Q: Within my organization there has been much debate on what a work instruction is. The term work instruction is not defined in the ISO 9001-2008 Quality management systems—Requirements standard (appears in clause 7.5.1).
Our question is that if the organization is providing services such as maintenance and repair of the customer’s equipment, and the customer provides maintenance and repair manuals and publications for this equipment to the organization, would this literature satisfy the requirements of ISO 9001:2008 as work instructions? Any assistance provided would be greatly appreciated.
A: You are correct when you state that “work instructions” is not defined in ISO 9001:2008, nor is it in ISO 9000:2005 Quality management systems–Fundamentals and vocabulary.
Terms are not defined by the Technical Advisory Group (the standard developers) when it is felt that the general accepted usage is clear and unambiguous. Such is the case with this term. A work instruction is simply what the name implies, instructions to do work. Written instructions might not be necessary and so the phrase “as necessary” is in the text of the standard. It depends on your specific situation.
The challenge to comply with the requirements of clause 7.5.1 is not in the definition (or lack of definition) of work instructions. It is planning and carrying out production and service work under controlled conditions.
Are your work processes controlled? This clause identifies six elements that need to be considered. Work instructions are one of the six elements. Do your operators know what to do? Are they trained? Do they need written instructions? In general, you must make this call, not an auditor. If you are challenged by an auditor, you need to be able to defend you position. But there is no hard and fast rule here.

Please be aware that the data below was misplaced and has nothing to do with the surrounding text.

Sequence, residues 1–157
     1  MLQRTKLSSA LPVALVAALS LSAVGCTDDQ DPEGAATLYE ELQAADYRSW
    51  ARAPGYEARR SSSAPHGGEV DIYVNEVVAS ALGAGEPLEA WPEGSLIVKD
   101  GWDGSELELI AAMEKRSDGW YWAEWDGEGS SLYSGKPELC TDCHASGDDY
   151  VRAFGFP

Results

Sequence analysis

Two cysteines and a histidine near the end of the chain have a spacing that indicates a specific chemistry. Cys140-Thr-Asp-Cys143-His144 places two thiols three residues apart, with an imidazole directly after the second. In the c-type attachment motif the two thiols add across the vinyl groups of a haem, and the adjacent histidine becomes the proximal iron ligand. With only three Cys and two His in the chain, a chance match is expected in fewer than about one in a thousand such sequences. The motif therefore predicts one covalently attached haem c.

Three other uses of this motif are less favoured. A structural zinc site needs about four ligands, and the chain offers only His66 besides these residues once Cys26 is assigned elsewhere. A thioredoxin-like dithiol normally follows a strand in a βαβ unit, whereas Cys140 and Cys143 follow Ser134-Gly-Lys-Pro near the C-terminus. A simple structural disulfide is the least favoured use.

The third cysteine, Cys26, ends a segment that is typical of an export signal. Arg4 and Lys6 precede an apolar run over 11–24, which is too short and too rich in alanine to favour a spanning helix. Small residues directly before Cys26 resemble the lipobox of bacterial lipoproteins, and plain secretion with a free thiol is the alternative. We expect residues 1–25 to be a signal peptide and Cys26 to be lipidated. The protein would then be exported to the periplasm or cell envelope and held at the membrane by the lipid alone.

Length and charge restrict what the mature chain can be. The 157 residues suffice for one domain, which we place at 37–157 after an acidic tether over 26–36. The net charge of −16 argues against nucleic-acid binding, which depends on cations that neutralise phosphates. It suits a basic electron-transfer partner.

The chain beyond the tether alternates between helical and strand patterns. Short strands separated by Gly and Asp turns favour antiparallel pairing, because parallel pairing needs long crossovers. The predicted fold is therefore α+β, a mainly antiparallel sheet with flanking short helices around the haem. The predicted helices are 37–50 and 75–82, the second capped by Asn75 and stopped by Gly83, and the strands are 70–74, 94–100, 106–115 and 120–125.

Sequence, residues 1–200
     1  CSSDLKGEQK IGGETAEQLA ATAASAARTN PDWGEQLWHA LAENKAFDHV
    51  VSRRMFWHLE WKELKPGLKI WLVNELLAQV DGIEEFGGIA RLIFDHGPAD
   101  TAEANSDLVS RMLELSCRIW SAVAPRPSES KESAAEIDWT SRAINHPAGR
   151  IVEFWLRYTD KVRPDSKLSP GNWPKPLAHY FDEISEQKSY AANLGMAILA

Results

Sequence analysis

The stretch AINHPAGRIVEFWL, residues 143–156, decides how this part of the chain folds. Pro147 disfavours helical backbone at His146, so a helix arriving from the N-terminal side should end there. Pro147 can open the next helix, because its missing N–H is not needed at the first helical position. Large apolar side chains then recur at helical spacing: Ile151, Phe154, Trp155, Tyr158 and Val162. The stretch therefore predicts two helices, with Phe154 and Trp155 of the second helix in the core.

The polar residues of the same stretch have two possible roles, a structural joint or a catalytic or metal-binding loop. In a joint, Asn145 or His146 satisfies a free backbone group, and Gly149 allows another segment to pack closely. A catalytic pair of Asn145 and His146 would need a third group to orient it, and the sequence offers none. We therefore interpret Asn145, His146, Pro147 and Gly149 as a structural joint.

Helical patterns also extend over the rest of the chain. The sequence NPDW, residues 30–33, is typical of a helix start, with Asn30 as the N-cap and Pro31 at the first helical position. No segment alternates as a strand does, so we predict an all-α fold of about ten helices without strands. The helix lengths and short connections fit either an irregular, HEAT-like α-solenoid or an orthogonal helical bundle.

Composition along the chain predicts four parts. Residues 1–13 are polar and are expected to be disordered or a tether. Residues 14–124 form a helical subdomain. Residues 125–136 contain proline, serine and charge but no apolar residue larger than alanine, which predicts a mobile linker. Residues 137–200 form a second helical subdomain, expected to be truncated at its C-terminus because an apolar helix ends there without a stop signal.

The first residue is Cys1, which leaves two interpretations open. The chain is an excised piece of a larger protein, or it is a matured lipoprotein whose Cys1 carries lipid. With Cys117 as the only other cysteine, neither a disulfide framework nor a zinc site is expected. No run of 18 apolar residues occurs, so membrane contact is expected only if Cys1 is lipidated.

Let me note that telltale signs of lack of control are frequent errors, defects and rejects. This indicates to an auditor that you don’t have a controlled process. You need to tighten things down including addressing those of the six elements that are at the root cause of your process failures. You might need work instructions or improved work instructions based on process performance.
You mention that your organization maintains customer equipment and that the customer provides manuals. These manuals might be adequate. They might not. Let’s say that part of your maintenance is changing the oil on a gasoline engine. The manual, hopefully, states when this needs to occur. It might not. You probably need to establish a maintenance schedule for changing the oil and lubricating the machine, recording when this is done. Do you need a detailed work instruction on how to change the oil? Probably not. However, the machine might be complicated and have many lubrication points, a number of them not at all obvious. In such a case, a simple work instruction might be useful.
The key is to control your process and use whatever is needed to do so.
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